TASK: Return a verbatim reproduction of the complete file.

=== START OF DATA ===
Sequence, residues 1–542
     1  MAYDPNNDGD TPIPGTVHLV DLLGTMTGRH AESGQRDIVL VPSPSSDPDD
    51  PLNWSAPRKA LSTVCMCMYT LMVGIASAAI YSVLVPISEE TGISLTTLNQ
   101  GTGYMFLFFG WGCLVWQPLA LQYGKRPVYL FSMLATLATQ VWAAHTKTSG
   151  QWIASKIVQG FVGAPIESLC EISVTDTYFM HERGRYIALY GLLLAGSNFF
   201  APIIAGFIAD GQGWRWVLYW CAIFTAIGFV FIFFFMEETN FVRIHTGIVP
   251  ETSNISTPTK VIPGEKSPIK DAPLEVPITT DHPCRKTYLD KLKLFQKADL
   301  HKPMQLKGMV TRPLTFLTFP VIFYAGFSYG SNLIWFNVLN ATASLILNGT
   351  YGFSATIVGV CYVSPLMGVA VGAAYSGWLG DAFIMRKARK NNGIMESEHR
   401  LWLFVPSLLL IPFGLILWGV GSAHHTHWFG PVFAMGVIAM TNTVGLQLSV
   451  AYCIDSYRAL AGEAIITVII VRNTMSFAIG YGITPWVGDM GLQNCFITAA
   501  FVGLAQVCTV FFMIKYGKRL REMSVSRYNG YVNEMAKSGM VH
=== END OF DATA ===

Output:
Sequence, residues 1–542
     1  MAYDPNNDGD TPIPGTVHLV DLLGTMTGRH AESGQRDIVL VPSPSSDPDD
    51  PLNWSAPRKA LSTVCMCMYT LMVGIASAAI YSVLVPISEE TGISLTTLNQ
   101  GTGYMFLFFG WGCLVWQPLA LQYGKRPVYL FSMLATLATQ VWAAHTKTSG
   151  QWIASKIVQG FVGAPIESLC EISVTDTYFM HERGRYIALY GLLLAGSNFF
   201  APIIAGFIAD GQGWRWVLYW CAIFTAIGFV FIFFFMEETN FVRIHTGIVP
   251  ETSNISTPTK VIPGEKSPIK DAPLEVPITT DHPCRKTYLD KLKLFQKADL
   301  HKPMQLKGMV TRPLTFLTFP VIFYAGFSYG SNLIWFNVLN ATASLILNGT
   351  YGFSATIVGV CYVSPLMGVA VGAAYSGWLG DAFIMRKARK NNGIMESEHR
   401  LWLFVPSLLL IPFGLILWGV GSAHHTHWFG PVFAMGVIAM TNTVGLQLSV
   451  AYCIDSYRAL AGEAIITVII VRNTMSFAIG YGITPWVGDM GLQNCFITAA
   501  FVGLAQVCTV FFMIKYGKRL REMSVSRYNG YVNEMAKSGM VH